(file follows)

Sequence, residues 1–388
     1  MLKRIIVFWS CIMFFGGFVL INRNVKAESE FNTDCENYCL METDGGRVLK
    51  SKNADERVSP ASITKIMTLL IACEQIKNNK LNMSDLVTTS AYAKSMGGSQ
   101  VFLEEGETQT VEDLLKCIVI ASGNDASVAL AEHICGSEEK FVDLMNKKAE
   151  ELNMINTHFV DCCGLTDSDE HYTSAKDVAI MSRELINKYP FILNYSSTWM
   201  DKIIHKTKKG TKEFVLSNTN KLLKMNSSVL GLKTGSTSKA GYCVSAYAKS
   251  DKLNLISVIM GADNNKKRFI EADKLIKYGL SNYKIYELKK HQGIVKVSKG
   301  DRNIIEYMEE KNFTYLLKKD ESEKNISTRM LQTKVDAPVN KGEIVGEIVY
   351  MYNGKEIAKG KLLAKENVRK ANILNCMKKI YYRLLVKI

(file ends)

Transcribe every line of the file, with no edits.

Sequence, residues 1–388
     1  MLKRIIVFWS CIMFFGGFVL INRNVKAESE FNTDCENYCL METDGGRVLK
    51  SKNADERVSP ASITKIMTLL IACEQIKNNK LNMSDLVTTS AYAKSMGGSQ
   101  VFLEEGETQT VEDLLKCIVI ASGNDASVAL AEHICGSEEK FVDLMNKKAE
   151  ELNMINTHFV DCCGLTDSDE HYTSAKDVAI MSRELINKYP FILNYSSTWM
   201  DKIIHKTKKG TKEFVLSNTN KLLKMNSSVL GLKTGSTSKA GYCVSAYAKS
   251  DKLNLISVIM GADNNKKRFI EADKLIKYGL SNYKIYELKK HQGIVKVSKG
   301  DRNIIEYMEE KNFTYLLKKD ESEKNISTRM LQTKVDAPVN KGEIVGEIVY
   351  MYNGKEIAKG KLLAKENVRK ANILNCMKKI YYRLLVKI